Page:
Dissolution is achieved by simple mixing, with heating if necessary. The more concentrated the acid in the solvent, the greater the amount of active agent that can be incorporated into the solution. If lower concentrations of acid are required for the end use of the solution, the active agent can first be dissolved in a more concentrated acid solution, and the resultant solution then slowly diluted further, preferably with water.

Preferably, the solution comprises from about 3 to about 40 percent by weight of solute and from about 60 to about 97 parts by weight of solvent based upon 100 parts by weight of solution.

The solvent itself, preferably comprises from about 30 to about 80 parts by volume of acid and from about 70 to about 20 parts by volume of water based upon 100 parts by volume of solvent. Most preferably, the solvent comprises from about 40 to about 50 parts by volume of acid and from about 60 to about 50 parts by volume of water based upon 100 parts by volume of solvent.

Microspheres

Microspheres are useful in the delivery of active agents because they protect an active agent cargo until it is delivered to a target. Microsphers are particularly useful in the oral delivery of biologically active agents such as for example, pharamaceutically active agents.

Microspheres containing an active agent can be generally of the matrix form or the capsule form. In a hollow matrix spheroid form, the center of the sphere is hollow and the cargo or active agent is distributed throughout a carrier matrix. In a solid matrix form, the carrier matrix forms a continuum in which the cargo is distributed. In the microcapsule form, the encapsulated material or cargo can be either in solution or a solid, with the carrier forming a shell around the cargo.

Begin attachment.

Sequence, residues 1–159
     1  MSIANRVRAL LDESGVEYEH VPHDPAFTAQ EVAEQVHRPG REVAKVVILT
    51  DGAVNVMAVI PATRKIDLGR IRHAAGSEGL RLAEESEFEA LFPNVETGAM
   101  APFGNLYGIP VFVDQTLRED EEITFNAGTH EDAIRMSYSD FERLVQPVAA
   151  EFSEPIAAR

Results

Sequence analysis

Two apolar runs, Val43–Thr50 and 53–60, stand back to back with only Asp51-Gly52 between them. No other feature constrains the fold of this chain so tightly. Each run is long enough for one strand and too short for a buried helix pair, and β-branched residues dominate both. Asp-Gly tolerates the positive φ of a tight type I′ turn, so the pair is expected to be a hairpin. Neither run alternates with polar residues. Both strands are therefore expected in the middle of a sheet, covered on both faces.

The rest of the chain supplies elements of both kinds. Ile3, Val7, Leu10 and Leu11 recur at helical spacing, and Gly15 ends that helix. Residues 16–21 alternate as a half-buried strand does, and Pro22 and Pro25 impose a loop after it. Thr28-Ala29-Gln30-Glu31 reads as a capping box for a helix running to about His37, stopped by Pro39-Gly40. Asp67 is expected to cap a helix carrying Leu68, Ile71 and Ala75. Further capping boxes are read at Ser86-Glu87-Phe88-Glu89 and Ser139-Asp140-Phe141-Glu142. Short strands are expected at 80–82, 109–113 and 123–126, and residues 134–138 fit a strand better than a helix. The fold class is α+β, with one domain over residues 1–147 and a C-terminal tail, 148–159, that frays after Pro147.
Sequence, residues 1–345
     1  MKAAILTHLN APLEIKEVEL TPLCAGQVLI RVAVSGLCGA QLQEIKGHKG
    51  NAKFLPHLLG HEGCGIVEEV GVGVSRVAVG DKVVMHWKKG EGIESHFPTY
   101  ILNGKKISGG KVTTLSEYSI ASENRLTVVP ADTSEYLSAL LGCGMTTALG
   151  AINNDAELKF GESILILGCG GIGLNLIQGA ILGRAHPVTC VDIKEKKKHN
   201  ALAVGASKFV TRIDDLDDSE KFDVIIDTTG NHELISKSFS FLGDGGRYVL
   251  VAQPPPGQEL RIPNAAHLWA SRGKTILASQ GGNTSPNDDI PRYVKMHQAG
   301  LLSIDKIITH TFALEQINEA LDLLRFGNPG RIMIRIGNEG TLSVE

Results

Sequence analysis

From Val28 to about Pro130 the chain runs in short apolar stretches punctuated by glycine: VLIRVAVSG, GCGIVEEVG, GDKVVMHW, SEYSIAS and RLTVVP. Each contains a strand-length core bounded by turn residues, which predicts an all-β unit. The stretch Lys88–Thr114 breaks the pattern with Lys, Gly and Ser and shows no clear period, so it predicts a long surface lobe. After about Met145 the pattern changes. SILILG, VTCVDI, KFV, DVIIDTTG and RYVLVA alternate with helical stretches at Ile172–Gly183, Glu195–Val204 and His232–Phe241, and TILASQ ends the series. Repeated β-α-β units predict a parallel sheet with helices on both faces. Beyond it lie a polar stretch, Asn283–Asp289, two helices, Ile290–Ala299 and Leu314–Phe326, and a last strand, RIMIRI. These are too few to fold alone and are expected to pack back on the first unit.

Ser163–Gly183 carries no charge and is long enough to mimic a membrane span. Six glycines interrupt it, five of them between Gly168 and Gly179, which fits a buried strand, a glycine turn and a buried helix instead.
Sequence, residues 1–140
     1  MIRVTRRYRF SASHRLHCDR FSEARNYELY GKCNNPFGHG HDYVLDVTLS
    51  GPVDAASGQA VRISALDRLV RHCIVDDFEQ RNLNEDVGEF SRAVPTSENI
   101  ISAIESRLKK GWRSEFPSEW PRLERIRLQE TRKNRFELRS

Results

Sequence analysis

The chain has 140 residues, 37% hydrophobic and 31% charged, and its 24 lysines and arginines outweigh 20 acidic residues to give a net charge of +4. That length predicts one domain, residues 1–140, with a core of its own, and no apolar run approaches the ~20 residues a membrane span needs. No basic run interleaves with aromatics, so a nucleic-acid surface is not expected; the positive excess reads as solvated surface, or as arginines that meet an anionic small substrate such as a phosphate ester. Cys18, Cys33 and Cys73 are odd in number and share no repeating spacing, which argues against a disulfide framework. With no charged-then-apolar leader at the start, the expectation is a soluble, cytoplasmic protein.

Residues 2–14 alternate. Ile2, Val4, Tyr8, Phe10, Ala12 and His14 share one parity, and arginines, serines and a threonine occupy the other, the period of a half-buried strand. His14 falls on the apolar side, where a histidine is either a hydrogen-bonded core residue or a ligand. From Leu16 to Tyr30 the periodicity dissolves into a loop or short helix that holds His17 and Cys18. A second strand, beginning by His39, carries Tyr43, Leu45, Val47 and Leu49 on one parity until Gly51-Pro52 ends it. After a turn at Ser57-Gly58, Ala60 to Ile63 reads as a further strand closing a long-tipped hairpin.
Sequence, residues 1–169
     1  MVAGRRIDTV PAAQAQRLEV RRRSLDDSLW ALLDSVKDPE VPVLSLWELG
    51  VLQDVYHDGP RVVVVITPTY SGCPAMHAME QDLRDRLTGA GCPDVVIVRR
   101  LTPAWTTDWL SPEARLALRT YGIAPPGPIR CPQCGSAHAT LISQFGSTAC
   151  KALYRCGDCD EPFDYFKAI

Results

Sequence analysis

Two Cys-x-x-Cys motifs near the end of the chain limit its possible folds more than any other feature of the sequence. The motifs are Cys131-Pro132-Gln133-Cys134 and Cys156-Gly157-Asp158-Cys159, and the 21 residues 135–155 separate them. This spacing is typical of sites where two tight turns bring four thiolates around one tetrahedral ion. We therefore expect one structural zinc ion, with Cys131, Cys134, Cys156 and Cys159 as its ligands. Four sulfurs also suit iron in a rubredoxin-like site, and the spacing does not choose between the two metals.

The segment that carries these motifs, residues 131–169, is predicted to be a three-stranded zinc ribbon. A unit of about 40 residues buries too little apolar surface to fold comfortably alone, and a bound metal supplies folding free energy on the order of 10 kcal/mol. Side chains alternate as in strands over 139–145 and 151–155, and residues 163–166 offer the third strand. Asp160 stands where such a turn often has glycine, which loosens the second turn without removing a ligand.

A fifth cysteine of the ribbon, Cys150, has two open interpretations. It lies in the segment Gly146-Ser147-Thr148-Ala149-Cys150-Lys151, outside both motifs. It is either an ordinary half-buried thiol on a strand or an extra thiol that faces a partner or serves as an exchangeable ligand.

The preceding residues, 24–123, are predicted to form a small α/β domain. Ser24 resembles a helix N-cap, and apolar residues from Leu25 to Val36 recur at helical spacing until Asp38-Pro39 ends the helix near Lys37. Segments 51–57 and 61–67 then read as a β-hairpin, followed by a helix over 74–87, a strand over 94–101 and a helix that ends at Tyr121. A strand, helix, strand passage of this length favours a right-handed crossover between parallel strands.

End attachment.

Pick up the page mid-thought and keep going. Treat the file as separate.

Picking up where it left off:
The methods of the present invention are cost-effective for preparing microspheres which contain imidazole derivatives, are simple to perform, and are amenable to industrial scale-up for commercial production.

Carriers

Carriers suitable for use in the present invention are microsphere forming carriers. These carriers include, without limitation, proteinoids; acylated amino acids, poly amino acids or salts thereof; sulfonated amino acids, poly amino acids or salts thereof; proteins or salts thereof, enteric coating materials; or any combination thereof.

Amino acids are the basic materials used to prepare many of the carriers useful in the present invention. Amino acids include any carboxylic acid having at least one free amino group and include naturally occurring and synthetic amino acids. The preferred amino acids for use in the present invention are ∝-amino acids and, most preferably, are naturally occurring ∝-amino acids. Many amino acids and amino acid esters are readily available from a number of commercial sources such as Aldrich Chemical Co. (Milwaukee, Wis., USA); Sigma Chemical Co. (St. Louis, Mo., USA); and Fluka Chemical Corp. (Ronkonkoma, N.Y., USA).

Representative, but not limiting, amino acids suitable for use in the present invention are generally of the formula

wherein:

R5 is hydrogen, C1-C4 alkyl, or C2-C4 alkenyl;

R6 is C1-C24 alkyl, C2-C24 alkenyl, C3-C10 cycloalkyl, C3-C10 cycloalkenyl, phenyl, naphthyl, (C1-C10 alkyl) phenyl, (C2-C10 alkenyl) phenyl, (C1-C10 alkyl) naphthyl, (C2-C10 alkenyl) naphthyl, phenyl (C1-C10 alkyl), phenyl (C2-C10 alkenyl), naphthyl (C1-C10 alkyl), or naphthyl (C2-C10 alkenyl);

R6 being optionally substituted with C1-C4 alkyl, C2-C4 alkenyl, C1C4 alkoxy, —OH, —SH, —CO2R7, C3-C10 cycloalkyl, C3-C10 cycloalkenyl, heterocycle having 3-10 ring atoms wherein the hetero atom is one or more of N, O, S, or any combination thereof, aryl, (C1-C10 alk)aryl, ar(C1-C10 alkyl) or any combination thereof;

R6 being optionally interrupted by oxygen, nitrogen, sulfur, or any combination thereof; and

R7 is hydrogen, C1-C4 alkyl, or C2-C4 alkenyl.

The preferred naturally occurring amino acids for use in the present invention as amino acids or components of a peptide are alanine, arginine, asparagine, aspartic acid, citrulline cysteine, cystine, glutamic acid, glutamine, glycine, histidine, isoleucine, leucine, lysine, methionine, ornithine, phenylalanine, proline, serine, threonine, tryptophan, tyrosine, valine, hydroxyproline, β-carboxyglutamic acid, γ-carboxyglutamic acid, phenylglycine, or O-phosphoserine. The most preferred amino acids are arginine, leucine, lysine, phenylalanine, tyrosine, tryptophan, valine, and phenylglycine.